Dictionaries and the Law – Hunting, Poaching, and the Right to Food

The Law Court’s recent decision in Parker v. Department of Inland Fisheries & Wildlife is fascinating—it is a rare instance when the Court has been called upon to interpret and apply a new constitutional provision. The Maine Constitution has had relatively few amendments, but in 2021 Maine voters approved a “Right to Food Amendment.” Parker involved a challenge to Maine’s Sunday hunting law prohibition under the new amendment.

As is relevant here, the amendment provides that “[a]ll individuals have a natural, inherent and unalienable right to food, including the right to … grow, raise, harvest, produce and consume the food of their own choosing” for certain purposes, including nourishment. It then enumerates limitations on this right, conditioning the right on the requirement that the individual not commit “trespassing, theft, poaching or other abuses of private property rights, public lands or natural resources.”

The question in the case was whether the Maine law banning hunting on Sundays infringes on this right. In an interesting ruling, the Law Court said it did not. After reaching the straightforward conclusion that the plaintiffs could present a justiciable claim given the State’s denial of their request for a Sunday hunting permit, the Court took up the merits—and in so doing, raised some intriguing questions.

First, the Court accorded the Sunday hunting statute a presumption of constitutionality—even though the statute predated the constitutional amendment. But why? Normally the presumption accords the Legislature credit for seeking to act in accordance with existing constitutional limits. That rationale, the Court acknowledged, did not apply. The Court instead suggested that there are other reasons for according this presumption, but relied on cases stating that facial constitutional challenges are disfavored because they lack robust factual records and pose the risk of overbroad rulings. Those concerns seem to go to the particular vehicle for the challenge, not the presumed validity of the enactment itself. Isn’t the right answer, then, to apply the appropriate standard for facial challenges rather than apply a presumption? That point is at least debatable.

Second, the Court’s analysis of the amendment’s language raises interesting interpretive questions. The Court concluded that the term “harvest” includes hunting. The Court buttressed this conclusion by citing several authorities, including dictionary definitions, its own prior precedent, and statutory definitions. Based on these authorities, the Court reasoned, the amendment does include a right to hunt. The Court then observed that this right is subject to express limitations, including that the right does not include engaging in “poaching.” Citing dictionary definitions only, the Court then reasoned that the term “poaching” includes any illegal hunting. Thus, the Court held that the right to hunt does not include the right to hunt on Sundays, because the Legislature has made hunting on Sundays illegal.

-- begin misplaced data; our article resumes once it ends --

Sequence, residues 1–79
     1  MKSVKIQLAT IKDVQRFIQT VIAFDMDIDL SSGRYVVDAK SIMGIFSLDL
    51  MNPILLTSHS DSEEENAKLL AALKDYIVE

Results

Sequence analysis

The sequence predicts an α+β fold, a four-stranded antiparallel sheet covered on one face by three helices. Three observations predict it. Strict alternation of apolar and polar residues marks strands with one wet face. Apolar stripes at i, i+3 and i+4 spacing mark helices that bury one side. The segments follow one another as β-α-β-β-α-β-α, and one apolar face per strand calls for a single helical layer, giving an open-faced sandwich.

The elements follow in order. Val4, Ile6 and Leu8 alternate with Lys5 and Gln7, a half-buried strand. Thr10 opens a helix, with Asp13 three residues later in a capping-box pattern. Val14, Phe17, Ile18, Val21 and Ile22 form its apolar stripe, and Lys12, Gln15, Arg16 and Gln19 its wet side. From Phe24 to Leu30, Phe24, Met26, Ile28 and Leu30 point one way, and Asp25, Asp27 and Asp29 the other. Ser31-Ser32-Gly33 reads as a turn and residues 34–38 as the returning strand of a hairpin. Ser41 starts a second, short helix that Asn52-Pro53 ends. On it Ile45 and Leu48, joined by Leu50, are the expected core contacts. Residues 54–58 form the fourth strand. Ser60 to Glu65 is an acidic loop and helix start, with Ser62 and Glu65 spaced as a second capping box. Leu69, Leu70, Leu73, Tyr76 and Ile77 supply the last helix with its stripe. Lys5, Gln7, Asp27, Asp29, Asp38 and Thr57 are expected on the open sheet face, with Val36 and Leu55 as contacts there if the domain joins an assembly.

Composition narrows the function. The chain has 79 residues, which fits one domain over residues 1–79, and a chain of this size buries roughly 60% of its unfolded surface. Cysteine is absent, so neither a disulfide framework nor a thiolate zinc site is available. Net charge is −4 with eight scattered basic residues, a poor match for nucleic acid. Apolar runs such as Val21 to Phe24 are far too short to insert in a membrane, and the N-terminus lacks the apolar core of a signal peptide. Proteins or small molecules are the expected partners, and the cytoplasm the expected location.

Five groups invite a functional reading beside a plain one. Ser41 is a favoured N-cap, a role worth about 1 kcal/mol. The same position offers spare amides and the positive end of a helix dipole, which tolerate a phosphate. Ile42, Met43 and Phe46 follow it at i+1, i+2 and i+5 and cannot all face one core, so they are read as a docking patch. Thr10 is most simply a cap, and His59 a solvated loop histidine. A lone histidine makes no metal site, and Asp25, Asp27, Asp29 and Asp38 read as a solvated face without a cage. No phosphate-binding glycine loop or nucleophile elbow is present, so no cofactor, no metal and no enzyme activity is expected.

One could imagine a potential criticism—does the reasoning in Parker render the right to hunt under the amendment meaningless? If the amendment is meant to protect the right to hunt, but does not circumscribe any law that renders hunting illegal, does the amendment protect hunting at all?

There are arguable critiques of the Court’s reliance on dictionary definitions. Two definitions cited, from Merriam Webster’s Collegiate Dictionary and Webster’s II New College Dictionary, suggest a broad definition of the term that includes any illegal taking of game. But query whether that is the ordinary understanding of the term. Various dictionaries, including Merriam Webster and Cambridge, suggest a primary meaning of “poaching” that relates to illegality in the manner in which the game is taken—i.e., taking game while encroaching on the land of another. Indeed, the Court’s citation to Black’s Law Dictionary, which defines poaching as the illegal taking of game “on another’s land,” supports this ordinary reading. At the very least, the availability of a narrower common meaning suggests the need for careful reliance on dictionaries, including analysis of primary definitions and the word’s context.

As Justice Scalia and Brian Garner note in Reading Law, the availability of multiple meanings for common words places great importance on evaluating not just to dictionary definitions but also the word’s context to determine its most likely meaning.  Here, there are multiple hints at the word’s meaning to be found in the amendment’s context. The amendment itself references poaching and “other abuses of private property rights, public lands or natural resources.” The reference to “other abuses of private property” renders a definition of “poaching” that requires some sort of trespass more likely. And broader context might suggest the same; as mentioned above, a reading of “poaching” that includes any law rendering hunting illegal seems (at first blush) to render the amendment circular, and thus meaningless at least in part—a result that is generally discouraged. Of course, there may be rejoinders, but Parker does not provide them.

As Parker illustrates, constitutional and statutory interpretation requires careful, contextual analysis, and it is incumbent on attorneys to equip the Court with thorough arguments. That’s what a good appellate brief—whether by a party or by an interested party filing an amicus—is for. But for now, Parker answers a narrow question under the Right to Food amendment, while leaving many other questions about its scope and application open.